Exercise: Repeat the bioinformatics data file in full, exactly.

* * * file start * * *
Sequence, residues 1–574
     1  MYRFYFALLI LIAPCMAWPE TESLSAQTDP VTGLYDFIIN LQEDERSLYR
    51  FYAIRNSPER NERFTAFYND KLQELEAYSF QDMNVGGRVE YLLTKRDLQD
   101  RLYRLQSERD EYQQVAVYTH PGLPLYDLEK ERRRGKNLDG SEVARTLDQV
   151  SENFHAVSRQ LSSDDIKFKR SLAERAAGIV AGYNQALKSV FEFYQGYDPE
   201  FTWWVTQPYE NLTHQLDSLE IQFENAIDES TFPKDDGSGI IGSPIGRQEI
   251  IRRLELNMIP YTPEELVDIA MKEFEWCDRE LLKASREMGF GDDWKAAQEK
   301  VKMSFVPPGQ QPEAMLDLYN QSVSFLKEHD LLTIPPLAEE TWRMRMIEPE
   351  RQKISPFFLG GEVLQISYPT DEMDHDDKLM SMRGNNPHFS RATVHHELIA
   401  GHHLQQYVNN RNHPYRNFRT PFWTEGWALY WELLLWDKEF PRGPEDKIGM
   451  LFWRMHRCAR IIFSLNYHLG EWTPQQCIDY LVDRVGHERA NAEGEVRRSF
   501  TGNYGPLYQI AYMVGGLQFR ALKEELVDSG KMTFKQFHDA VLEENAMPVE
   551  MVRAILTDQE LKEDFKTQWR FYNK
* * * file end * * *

Sequence, residues 1–574
     1  MYRFYFALLI LIAPCMAWPE TESLSAQTDP VTGLYDFIIN LQEDERSLYR
    51  FYAIRNSPER NERFTAFYND KLQELEAYSF QDMNVGGRVE YLLTKRDLQD
   101  RLYRLQSERD EYQQVAVYTH PGLPLYDLEK ERRRGKNLDG SEVARTLDQV
   151  SENFHAVSRQ LSSDDIKFKR SLAERAAGIV AGYNQALKSV FEFYQGYDPE
   201  FTWWVTQPYE NLTHQLDSLE IQFENAIDES TFPKDDGSGI IGSPIGRQEI
   251  IRRLELNMIP YTPEELVDIA MKEFEWCDRE LLKASREMGF GDDWKAAQEK
   301  VKMSFVPPGQ QPEAMLDLYN QSVSFLKEHD LLTIPPLAEE TWRMRMIEPE
   351  RQKISPFFLG GEVLQISYPT DEMDHDDKLM SMRGNNPHFS RATVHHELIA
   401  GHHLQQYVNN RNHPYRNFRT PFWTEGWALY WELLLWDKEF PRGPEDKIGM
   451  LFWRMHRCAR IIFSLNYHLG EWTPQQCIDY LVDRVGHERA NAEGEVRRSF
   501  TGNYGPLYQI AYMVGGLQFR ALKEELVDSG KMTFKQFHDA VLEENAMPVE
   551  MVRAILTDQE LKEDFKTQWR FYNK